I have a new obsession: Goodreads.  It's both a website and and iPhone app, and the bookworm in me simply cannot get enough of it.  While browsing book suggestions based on what I'm currently reading (The Velvet Rage... and Animal, Vegetable Miracle...), I ran across Food Not Lawns: How to Turn Your Yard Into a Garden and Your Neighborhood Into a Community. Which got me to thinking: how on Earth did we ever get to laying down a bunch of potentially-clover-choked sod in our suburban backyards instead of planting gardens?

More than ever, as a New Yorker with very limited personal green space--I have two flower pots, thankyouverymuch--I miss the backyards I had growing up.  

home on the prairie
In my childhood subdivision, we lived on a quarter acre with a massive greenbelt for a backyard.  I'd get lost in the trees and moss and blackberry bushes for hours, making forts with my friends and dreaming of getting that tree house I always wanted Daddy to build. 

When we moved south to the Prairie, we had even more space: five acres of hay and crab grass. I remember our first season on that land very well. Dad rented a "billy goat" and a roto-tiller from the local Hertz, and we spent hours upon hours pounding and chopping and grinding the earth into submission, only to see it reclaim its wild ways a few months later. Eventually, our alpacas made good use of the space, but apart from that, our five-acre expanse--which now seems like an insane luxury--went mostly unused. Granted, Daddy's love of trees ensured we planted our fair share of paper bark maples, weepings spruce, and my personal favorite: a larch.  But save for a few flower beds and a relatively small plot we kept maintained for blueberry bushes and, eventually, some out-of-control raspberry bushes, our yard was just one massive lawn-mowing project.  Even on a gas-guzzling riding mower, it was a four-hour project just to keep the grass in check.

my front yard from 6th to 12th grade
The Northwest certainly lends itself to gardening, or so it seems.  In reality, our yards are more often seeded and mowed and edged, then decorated with beauty bark and lava rock, then sufficiently doused in moss-killing, bug-ridding chemicals.  We wage war against dandelions, clover, and fields full of daisies.  But I wonder how much more we'd gain from our green space if we gardened instead.

I distinctly remember being awestruck by two particular gardens as a child.  My next-door-neighbor, Mrs. Hatfield, was an elementary teacher and an avid gardener.  Some of my fondest memories are of her weeding around her rhubarb plants in her green rubber, leather-trimmed Sperry slip-ons.  I had no idea what rhubarb was at the time--I eventually learned it pairs well with strawberries in a pie--but I knew I loved her garden. And, for that matter, every book she ever gave me for Christmases and birthdays and for looking after her dogs while the family went away on vacation. (Mrs. Hatfield, I still read Holiday Handwriting School every time I go home. :) A perennial favorite.)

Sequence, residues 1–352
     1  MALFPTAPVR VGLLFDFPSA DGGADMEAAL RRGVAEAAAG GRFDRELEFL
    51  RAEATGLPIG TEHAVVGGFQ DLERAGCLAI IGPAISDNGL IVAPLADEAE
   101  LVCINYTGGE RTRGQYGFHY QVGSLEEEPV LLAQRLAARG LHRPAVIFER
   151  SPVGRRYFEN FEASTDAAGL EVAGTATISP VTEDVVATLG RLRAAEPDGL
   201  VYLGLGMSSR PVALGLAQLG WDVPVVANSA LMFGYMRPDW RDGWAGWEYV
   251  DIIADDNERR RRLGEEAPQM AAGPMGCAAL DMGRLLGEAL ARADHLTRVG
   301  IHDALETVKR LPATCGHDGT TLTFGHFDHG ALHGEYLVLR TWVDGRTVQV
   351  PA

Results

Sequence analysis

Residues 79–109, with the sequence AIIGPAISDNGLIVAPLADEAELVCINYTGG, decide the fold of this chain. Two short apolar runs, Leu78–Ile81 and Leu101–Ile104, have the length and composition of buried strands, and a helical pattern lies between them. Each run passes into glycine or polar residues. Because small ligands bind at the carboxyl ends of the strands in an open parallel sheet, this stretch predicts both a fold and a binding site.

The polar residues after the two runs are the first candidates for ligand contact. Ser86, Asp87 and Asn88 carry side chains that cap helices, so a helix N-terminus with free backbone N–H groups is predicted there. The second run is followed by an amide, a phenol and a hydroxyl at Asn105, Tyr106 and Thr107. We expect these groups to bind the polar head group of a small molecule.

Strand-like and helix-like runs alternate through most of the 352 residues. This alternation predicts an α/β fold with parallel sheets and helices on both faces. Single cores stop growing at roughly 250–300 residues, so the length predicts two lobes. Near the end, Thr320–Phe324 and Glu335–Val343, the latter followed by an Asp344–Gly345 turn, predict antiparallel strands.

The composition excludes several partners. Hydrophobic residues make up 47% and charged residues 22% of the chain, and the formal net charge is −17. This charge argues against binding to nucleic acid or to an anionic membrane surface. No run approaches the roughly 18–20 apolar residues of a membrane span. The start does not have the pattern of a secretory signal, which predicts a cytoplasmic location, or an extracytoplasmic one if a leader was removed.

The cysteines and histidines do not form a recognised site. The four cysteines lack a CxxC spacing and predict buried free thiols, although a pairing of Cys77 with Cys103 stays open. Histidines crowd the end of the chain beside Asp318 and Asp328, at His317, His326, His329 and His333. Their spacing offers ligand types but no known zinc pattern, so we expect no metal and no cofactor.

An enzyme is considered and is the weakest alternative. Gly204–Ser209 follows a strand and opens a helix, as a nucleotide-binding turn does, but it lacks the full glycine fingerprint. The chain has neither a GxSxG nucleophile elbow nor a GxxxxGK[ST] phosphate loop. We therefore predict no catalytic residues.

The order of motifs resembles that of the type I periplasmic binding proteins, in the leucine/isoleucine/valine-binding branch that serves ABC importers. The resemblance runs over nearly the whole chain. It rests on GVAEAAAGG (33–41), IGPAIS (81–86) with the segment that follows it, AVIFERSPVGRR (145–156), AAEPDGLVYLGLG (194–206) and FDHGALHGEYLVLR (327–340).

The other garden I loved so dearly was at my godfather's house.  Uncle Ron, as I called him, had a massive garden surrounded by a fence taller than me to keep out the deer.  Zucchini, tomatoes, lettuce, carrots, broccoli...his was certainly a garden of plenty, and when we'd visit in the summer, we always drove home with a load of fresh produce--and usually a box of freshly-picked apples from the front yard, for good measure.  

berries from the garden, summer 2012
I realize that gardens, however big or small, require constant upkeep and effort.  But really?  If we took all that time we spent mowing and edging and fertilizing and pesticide-spraying and spent it on a garden instead...WOW. That would really be something.  Or if you really feel like cutting loose, why not pull up some of that grass and throw out a few handfuls of wildflower seeds?  We did that one year on the prairie, and the outcome was glorious.

So if you're one of my lucky friends with a little bit of a yard, think about growing a few things yourself this year.  Strawberries, potatoes, carrots, squash, green beans, corn... just start somewhere.  I, for my part, will try to coerce some basil into finally growing--and staying alive--in one of my little clay pots here in Harlem.  As for the apples and squash this fall, my girlfriends and I will just have to take a Zipcar to an orchard upstate if we want our bushel of seasonal delights.  I'll be sure to document all my (hopefully successful) attempts at apple pie, applesauce, and apple butter.

In the meantime, happy gardening--and say goodbye to that riding lawn mower!  

Thanks for reading! Love you all. xo

Tuesday, September 11, 2012

a lesson in shallow thinking

Let's be honest. As much as we like to think of ourselves as uncritical, as much as we hope to be concerned with what's on the inside and not on the outside, we're massive failures. We've been raised in a culture where looks matter, and it's hard to maneuver around that.

I'm riding the train right now with a woman who, ten years ago, would have been the perfect candidate for Extreme Makeover. Her chin is virtually non-existent. I look across the train and imagine what a little nip-tuck work would do, and I want to slap myself. My God, Mollie. Who do you think you are?